The Best Way To Balance Strength Training And Cardio

When it comes to figuring out the best way to balance strength and cardio in your workout routine, the result will depend on a variety of factors, including your fitness goals, your body type, and your schedule, along with some trial and error mixed in. 

That said, there are definitely places to start, and things to keep in mind, as you experiment with what balance works best for you.

First, why is it important to balance strength training and cardio anyway? Can't you stay in good shape by doing one or the other? Suppose you don't like running? Or what if the thought of lifting weights lifts your anxiety?  Well, according to Whole Life Challenge, just like it's important to have a balanced diet, a balanced fitness routine is also essential for optimal health. Cardio will help you manage your weight, keep your heart strong, and reduce signs of aging, among other benefits. Strength training can promote bone health, help prevent osteoporosis, improve your metabolism, and may also boost your mental health by raising your self-esteem and reducing anxiety and depression.

Can you do strength training and cardio together?

According to Verywell Fit, though there is no definitive directive, the general recommendation is typically that you do cardio and strength training during different sessions, or on varying days. So, for example three weekdays might be devoted to cardio, two days to strength training, and one day mixed in for stretching or recovery.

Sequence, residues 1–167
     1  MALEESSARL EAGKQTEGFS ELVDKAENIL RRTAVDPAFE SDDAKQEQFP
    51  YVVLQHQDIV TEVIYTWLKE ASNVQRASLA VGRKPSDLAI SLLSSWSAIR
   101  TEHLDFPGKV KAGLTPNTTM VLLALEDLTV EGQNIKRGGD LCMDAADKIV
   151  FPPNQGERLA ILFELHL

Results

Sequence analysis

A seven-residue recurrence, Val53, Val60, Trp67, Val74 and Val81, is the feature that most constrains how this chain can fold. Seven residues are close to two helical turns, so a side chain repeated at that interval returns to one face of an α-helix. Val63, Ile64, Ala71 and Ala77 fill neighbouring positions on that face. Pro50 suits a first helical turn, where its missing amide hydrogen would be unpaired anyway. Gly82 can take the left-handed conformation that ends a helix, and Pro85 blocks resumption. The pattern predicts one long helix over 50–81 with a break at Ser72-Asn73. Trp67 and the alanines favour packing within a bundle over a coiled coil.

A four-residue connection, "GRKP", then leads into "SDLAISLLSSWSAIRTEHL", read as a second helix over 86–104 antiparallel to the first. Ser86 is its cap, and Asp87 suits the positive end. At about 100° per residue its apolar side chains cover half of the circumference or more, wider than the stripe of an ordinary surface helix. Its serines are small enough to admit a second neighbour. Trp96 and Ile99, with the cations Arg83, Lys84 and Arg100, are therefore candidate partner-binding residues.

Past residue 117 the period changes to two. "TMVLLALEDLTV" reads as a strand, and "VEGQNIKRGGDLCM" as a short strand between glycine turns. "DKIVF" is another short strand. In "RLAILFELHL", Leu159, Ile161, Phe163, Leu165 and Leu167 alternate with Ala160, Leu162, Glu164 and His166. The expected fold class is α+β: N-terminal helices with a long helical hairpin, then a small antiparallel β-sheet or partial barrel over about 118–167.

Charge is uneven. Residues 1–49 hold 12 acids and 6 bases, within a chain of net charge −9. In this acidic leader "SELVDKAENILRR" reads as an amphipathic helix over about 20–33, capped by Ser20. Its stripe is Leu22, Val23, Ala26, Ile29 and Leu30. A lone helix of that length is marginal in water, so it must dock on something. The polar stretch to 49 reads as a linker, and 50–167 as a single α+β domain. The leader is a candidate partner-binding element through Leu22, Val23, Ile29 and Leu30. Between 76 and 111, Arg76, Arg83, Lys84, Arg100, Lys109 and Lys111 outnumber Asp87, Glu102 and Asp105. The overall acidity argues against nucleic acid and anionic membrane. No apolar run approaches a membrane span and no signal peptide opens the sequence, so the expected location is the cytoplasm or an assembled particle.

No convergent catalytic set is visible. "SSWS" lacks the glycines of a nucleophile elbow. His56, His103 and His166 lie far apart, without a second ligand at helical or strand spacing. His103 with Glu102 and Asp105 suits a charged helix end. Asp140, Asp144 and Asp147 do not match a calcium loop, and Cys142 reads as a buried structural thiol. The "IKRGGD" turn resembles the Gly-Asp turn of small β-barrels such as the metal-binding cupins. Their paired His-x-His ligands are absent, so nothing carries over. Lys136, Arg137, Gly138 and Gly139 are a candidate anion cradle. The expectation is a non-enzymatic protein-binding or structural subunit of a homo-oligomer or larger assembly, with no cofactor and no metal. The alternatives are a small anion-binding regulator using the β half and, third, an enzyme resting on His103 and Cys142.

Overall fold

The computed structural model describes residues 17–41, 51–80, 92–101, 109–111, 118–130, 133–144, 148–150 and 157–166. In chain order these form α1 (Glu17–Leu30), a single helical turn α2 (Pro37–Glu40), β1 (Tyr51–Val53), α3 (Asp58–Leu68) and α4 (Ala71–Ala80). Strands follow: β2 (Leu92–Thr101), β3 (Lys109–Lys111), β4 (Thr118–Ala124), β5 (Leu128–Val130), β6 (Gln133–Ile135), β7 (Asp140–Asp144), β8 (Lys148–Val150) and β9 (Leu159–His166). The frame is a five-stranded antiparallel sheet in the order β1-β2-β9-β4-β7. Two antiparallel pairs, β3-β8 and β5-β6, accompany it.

But what each day of your workout looks like ultimately depends on your goals. For more muscle, reduce your cardio workout, for more endurance, cut out a day of strength training, Noam Tamir, C.S.C.S., founder and CEO of TS Fitness in New York City, tells SELF. And when you're working on strength, be sure that you are targeting specific muscle groups. You can get to more muscle groups in one shot by performing compound exercises like squats, lunges, and chest presses. ACE-certified trainer Sivan Fagan tells SELF that one to two sets of up to 15 reps is best to start with during your first month. If you decide you're looking to do more cardio, then swap a strength day for an extra day of running or cycling. Just remember to challenge yourself enough to get your heart rate up to get the optimal benefits.

But don't be too concerned about following a routine with alternating days if your schedule doesn't allow for it. The most important thing is that you commit to a well-rounded, consistent workout that works best for your lifestyle and your fitness goals.